Castle In Northallerton, North Yorkshire
Ruined motte and bailey castle, dating back to the Norman Conquest.
Whorlton was originally a small settlement which belonged to Robert, Count of Mortain, the half brother of William the Conqueror. (Robert acquired the site after King Harold was defeated at the Battle of Hastings in 1066, and William gave away his newly acquired land.) The site later passed to the de Meynell family in the early 12th century and Robert de Meynell founded the first castle on the site.
The first castle would have been a wooden fortress on an unusually shaped square motte, with the bailey located to the east of the motte.
The Meynell family shield can still be seen above the gatehouse entrance, along with shields of the Darcy and Gray families, who were united by the marriage of John, Lord Darcy of Knaith and Elizabeth Gray in the mid 14th century.
Lord Darcy inherited the castle through his marriage to Elizabeth, however, the castle was in ruins by this point (bit of a rubbish castle to inherit!). Darcy levelled and rebuilt the castle around 1343 and the gatehouse still stands to this day.
The castle passed from pillar to post after that, and even Henry VIII acquired it by the mid 16th century, but by the 17th century it had fallen into disrepair again. The Bruce family took ownership in the 18th century and pulled down the majority of the castle, using the stone on other projects. In 1875, more stone was pulled down to build the church in nearby Swainby.
Apart from the gatehouse, there is very little else to see. There are some earthworks which give you an idea of how the castle was laid out and there are the remains of the 14th century vaulted undercroft in the field behind the gatehouse. There are no information boards here either and although when I visited five years ago I was able to go inside, it seems the doors are not always open now.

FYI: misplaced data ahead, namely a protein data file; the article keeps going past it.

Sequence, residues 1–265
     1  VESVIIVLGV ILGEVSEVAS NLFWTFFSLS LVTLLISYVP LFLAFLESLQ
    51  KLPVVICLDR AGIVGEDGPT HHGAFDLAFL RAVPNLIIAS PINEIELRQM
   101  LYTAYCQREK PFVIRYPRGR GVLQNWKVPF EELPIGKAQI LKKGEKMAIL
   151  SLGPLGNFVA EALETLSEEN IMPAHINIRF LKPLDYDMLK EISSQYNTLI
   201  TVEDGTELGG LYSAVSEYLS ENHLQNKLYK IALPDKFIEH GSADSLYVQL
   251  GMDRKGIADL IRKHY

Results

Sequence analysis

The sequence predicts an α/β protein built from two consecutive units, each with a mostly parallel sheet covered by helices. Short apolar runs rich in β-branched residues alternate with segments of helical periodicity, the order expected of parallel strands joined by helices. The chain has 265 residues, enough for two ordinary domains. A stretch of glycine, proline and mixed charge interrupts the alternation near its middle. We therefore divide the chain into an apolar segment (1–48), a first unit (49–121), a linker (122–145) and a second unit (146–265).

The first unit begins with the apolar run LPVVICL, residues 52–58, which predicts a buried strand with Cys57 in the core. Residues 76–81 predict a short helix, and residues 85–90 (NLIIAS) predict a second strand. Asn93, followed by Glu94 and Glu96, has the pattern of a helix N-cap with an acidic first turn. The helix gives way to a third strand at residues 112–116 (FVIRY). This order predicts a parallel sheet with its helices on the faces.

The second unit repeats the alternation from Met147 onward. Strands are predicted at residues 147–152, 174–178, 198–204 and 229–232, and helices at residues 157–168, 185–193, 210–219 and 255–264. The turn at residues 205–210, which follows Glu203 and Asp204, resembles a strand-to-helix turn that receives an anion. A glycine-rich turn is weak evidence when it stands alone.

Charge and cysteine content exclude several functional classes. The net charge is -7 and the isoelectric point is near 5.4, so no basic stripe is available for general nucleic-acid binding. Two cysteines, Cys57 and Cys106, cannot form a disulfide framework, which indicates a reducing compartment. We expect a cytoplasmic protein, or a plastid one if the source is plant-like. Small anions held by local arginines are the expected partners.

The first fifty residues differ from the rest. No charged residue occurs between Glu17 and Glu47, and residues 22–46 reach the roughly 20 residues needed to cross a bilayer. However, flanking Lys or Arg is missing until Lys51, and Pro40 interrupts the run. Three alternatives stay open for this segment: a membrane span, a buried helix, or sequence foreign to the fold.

This ruin might be one to just admire on the FN website, but we'll keep you posted if it opens up any time soon.
Huge thanks to Martin Scully for the fantastic drone pics.
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There is no designated parking for the castle. You can park just off the road right in front of the gatehouse.
Contributed by Sandra Clemens
I love the great outdoors and have been a National Trust & English Heritage member for years. I also love going off the beaten track and finding places like Sharp's Folly or Rothley Castle which are hidden gems in Northumberland. My favourite recent hike was climbing Red Screes in the Lake District on a whim, not fully grasping how high 776m was. It was still an achievement to conquer a Wainwright walk and I hope to do more one day.
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